I don’t necessarily know what types of speech should be protected and what shouldn’t. I don’t know that any country in the world has come up with a system that works for everyone, nor do I know if such a system could exist. But the point is that any policy has to be fair and consistent. Condemning religious expression as hateful while protecting obviously hateful media expression is not consistent. It is a hypocritical policy. The narrative sounds great, and it sells news. It light a fire in people because they cling to the mantra of freedom of speech. I invite you to distance yourself from the narrative you find in the media and examine the truth before making judgments.

The Fatwa Every Muslim Leader Should Be Issuing


In the Quran and the Hadith, there is no definitive decree on who has the right to issue a fatwa, or religious ruling. Tradition has dictated those with formal education and training in Islamic law should be the only ones issuing fatwas. But, fatwas are not binding, and since there are multiple schools of Islamic jurisprudence, anyone can technically declare themselves a scholar and issue a fatwa. In fact, there are multiple Hadith of the Prophet (PBUH) that say a Muslim is free to disobey a fatwa if it doesn’t feel write in his/her heart. So what’s the point of all this? I think that, instead of writing fatwas that say volunteering for the Mars space mission is against Islam, or fatwas against instant messaging on social media, this is the fatwa that every Muslim should be issuing.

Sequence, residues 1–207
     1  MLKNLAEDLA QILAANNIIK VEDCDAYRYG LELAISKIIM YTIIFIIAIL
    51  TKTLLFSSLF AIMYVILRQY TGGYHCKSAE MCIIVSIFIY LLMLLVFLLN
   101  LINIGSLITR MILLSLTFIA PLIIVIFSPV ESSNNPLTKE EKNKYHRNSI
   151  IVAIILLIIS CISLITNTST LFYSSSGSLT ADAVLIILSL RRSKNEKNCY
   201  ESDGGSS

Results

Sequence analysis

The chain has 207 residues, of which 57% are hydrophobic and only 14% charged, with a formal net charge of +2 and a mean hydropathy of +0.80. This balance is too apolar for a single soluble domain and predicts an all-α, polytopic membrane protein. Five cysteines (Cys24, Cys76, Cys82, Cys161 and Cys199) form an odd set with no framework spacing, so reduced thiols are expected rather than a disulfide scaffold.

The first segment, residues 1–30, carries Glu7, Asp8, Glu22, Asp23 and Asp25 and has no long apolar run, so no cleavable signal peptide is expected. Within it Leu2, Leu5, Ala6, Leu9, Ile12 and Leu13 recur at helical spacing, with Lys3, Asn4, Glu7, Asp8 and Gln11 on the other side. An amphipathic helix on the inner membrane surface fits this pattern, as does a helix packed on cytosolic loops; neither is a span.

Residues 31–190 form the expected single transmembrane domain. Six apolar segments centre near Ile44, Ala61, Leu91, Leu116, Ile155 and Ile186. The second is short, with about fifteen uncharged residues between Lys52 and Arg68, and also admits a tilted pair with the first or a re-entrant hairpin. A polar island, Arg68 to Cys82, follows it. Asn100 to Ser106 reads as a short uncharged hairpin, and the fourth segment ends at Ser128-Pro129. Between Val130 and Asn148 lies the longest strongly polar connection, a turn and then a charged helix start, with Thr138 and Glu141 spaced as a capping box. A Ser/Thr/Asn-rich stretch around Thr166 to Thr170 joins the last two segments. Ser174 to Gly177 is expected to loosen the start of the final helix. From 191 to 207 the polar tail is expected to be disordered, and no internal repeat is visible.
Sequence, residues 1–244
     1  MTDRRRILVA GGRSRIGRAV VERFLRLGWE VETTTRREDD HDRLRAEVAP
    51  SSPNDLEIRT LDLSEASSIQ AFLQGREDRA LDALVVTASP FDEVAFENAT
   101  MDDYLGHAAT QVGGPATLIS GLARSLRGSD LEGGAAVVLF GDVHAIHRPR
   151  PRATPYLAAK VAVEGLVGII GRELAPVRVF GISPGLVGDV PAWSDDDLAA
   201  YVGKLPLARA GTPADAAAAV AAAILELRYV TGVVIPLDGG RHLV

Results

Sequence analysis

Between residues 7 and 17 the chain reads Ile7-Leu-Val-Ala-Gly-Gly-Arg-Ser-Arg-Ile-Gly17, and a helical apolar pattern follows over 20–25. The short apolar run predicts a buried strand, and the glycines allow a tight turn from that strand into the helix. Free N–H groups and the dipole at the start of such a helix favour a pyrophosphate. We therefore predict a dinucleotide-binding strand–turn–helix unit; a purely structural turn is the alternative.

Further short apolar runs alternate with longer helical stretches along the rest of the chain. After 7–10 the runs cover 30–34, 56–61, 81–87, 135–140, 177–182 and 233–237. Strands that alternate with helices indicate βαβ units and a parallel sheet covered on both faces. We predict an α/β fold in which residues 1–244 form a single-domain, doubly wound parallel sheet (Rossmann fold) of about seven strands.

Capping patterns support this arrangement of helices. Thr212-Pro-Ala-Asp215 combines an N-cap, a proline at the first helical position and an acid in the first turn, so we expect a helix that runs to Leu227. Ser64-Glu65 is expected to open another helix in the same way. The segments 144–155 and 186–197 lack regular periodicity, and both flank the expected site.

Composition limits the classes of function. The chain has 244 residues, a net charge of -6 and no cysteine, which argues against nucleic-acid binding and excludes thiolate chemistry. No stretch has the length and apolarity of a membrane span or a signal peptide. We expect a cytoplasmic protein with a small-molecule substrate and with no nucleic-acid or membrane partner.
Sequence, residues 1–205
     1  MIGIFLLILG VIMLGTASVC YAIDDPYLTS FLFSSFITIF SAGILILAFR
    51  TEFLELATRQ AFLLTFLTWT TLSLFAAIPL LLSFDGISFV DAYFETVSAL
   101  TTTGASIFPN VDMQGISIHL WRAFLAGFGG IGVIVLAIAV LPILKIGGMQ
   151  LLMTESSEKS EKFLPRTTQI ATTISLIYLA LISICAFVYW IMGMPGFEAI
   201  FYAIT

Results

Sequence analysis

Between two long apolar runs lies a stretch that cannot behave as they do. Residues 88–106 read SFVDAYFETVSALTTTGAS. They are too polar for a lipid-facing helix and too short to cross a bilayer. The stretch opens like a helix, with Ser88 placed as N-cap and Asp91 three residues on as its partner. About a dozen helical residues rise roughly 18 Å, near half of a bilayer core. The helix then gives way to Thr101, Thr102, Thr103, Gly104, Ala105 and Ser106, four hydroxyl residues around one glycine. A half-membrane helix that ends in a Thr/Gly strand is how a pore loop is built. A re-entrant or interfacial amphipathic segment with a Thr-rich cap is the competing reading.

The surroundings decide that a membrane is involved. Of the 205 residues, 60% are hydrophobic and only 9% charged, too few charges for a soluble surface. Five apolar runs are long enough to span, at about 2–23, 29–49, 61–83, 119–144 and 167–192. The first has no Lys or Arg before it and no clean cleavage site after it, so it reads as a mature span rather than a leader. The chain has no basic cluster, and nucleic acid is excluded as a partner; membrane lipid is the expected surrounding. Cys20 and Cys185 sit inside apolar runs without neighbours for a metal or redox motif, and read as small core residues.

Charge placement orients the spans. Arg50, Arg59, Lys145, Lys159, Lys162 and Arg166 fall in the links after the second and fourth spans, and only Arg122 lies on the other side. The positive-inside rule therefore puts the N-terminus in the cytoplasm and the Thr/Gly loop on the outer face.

In the name of Allah, most beneficent and merciful.

Terrorism and the killing of innocent people, whether they be Muslims or not, is expressly forbidden in Islam. No Muslim should condone or support that actions of terrorist organizations, nor should any Muslim carry out terrorist actions which target innocent people or attempt to inspire fear in the public. Any Muslim who commits a terrorist act or supports terrorism is committing a sin under Islam and will be punished accordingly in the Hereafter.

The Holy Quran, in Surat Al-Maidah, Chapter 5, Verse 32, states, “For this reason, We made it a law for the children of Israel that the killing of a person for reasons other than legal retaliation or for stopping corruption in the land is as great a sin as murdering all of mankind. However, to save a life would be as great a virtue as to save all of mankind.” The Quran only allows for the killing of a person if it is in retaliation for aggression already committed or for spreading severe corruption in the land.

The Holy Quran, in Surat Al-Baqarah, Chapter 2, Verse 190, states, “Fight in the way of Allah against those who fight against you, but begin not hostilities. Lo! Allah loveth not, aggressors.” Allah expressly forbids beginning hostilities against others. Aggression is not permitted in Islam.